Analysis of Apple Lawsuit against Samsung

In the most recent court appearance over the ruling of a $1.05 billion award to Apple for copyright infringement on the part of South Korean-based Samsung, Judge Lucy Koh suggested that the companies needed to settle their differences and move on. According to the “International Business Times,” Koh stated, “I think it’s time for global peace.”

Jobs willing to wreak “thermonuclear war”

It appears that the sides are finally softening after a long and contentious series of lawsuits, in which Apple (particularly under former CEO Steve Jobs) vowed to wage “thermonuclear war” and spend all of Apple’s money defending its patents. Since the financial reckoning via the lawsuit (as well Jobs’s death and the arrival of new CEO Tim Cook), things have been taken down a notch.

Speaking to “Bloomberg Businessweek” about the ongoing Samsung litigation, Cook stated, “It is awkward. I hate litigation. I absolutely hate it. For us, this is about values. What we would like, in a perfect world, is for everyone to invent their own stuff.” For their part, Samsung has recently indicated a willingness to reach a settlement, a reversal of the November 2012 position taken by Samsung Mobile Chief JK Shin.

While Samsung is seeking a reduction in the amount awarded to Apple for patent violations on its Android products, Apple has requested an additional $500 million as well as a US ban on more than 20 Samsung products, according to the “International Business Times.”

Background to the Samsung case

What makes this past lawsuit so unusual (besides the amount awarded to Apple) is that Samsung is one of the company’s key allies in producing Apple’s signature products. Samsung supplies components such as processors and DRAM for iPhones and MacBooks, as well as other Apple workings.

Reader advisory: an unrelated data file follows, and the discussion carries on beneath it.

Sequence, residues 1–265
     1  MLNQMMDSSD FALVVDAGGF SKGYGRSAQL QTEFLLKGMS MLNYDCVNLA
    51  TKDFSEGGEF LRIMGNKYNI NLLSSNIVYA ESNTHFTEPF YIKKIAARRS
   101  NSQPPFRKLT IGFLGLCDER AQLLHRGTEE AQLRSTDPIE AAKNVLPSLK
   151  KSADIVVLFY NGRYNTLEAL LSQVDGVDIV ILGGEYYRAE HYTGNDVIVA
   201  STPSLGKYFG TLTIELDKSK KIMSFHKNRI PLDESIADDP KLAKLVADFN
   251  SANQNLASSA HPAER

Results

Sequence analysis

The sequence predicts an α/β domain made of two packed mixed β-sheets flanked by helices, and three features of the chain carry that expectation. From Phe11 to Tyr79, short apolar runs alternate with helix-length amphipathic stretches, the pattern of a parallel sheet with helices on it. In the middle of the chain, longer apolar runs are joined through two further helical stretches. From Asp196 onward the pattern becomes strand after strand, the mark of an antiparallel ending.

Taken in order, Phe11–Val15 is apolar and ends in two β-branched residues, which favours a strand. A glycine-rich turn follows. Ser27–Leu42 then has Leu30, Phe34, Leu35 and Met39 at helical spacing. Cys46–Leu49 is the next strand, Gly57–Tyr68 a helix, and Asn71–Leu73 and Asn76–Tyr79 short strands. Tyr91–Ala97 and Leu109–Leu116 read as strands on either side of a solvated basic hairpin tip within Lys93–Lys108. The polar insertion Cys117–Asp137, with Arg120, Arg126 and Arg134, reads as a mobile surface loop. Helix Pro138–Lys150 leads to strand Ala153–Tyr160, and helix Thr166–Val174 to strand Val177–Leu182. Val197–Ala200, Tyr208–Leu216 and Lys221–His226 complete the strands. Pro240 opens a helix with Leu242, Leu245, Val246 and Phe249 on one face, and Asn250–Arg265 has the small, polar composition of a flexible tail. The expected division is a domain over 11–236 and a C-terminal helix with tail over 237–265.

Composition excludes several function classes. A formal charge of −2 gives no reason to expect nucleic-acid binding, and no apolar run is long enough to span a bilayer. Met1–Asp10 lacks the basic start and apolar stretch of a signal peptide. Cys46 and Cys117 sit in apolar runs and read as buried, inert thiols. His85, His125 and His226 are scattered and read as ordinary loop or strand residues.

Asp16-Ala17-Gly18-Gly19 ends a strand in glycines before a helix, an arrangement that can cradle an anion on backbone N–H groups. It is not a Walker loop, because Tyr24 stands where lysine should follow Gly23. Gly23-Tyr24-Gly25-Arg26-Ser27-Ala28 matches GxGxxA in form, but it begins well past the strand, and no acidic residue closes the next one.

However, not unlike a series of other lawsuits (against Android product manufacturers such as Barnes & Noble, HTC, Microsoft, and Motorola), the charge by Apple is that Samsung has “chosen to slavishly copy Apple’s innovative technology, distinctive user interfaces, and elegant and distinctive product and packaging design, in violation of Apple’s valuable intellectual property rights” according to Nilay Patel, writing in “The Verve.”

The infringement litigation centers around no less than “7 utility patents, 3 design patents, trademarks on several iOS system app icons, and a host of trade dress registrations on the iPhone, iPod touch, iPad, and the packaging that each comes in,” according to Patel. In particular, Apple has singled out the Touch Wiz’d Galaxy S noting that the invention is so close to Apple styling and function that one could mistake it as an Apple product.

Clearly the court has found Samsung to be in violation of a number of copyright, patent, and trademark infringements (16 in total), so much so as to garner the type of record-setting financial award to Apple that draws attention and is forcing Samsung (and others) back to the drawing board.

For its part, Apple has begun making cryptic statements about bringing Apple manufacturing back to the United States, although that would require significant time and planning. For now, however, both parties will be back in court in 2013, although it is hoped that something might be worked out in the meantime.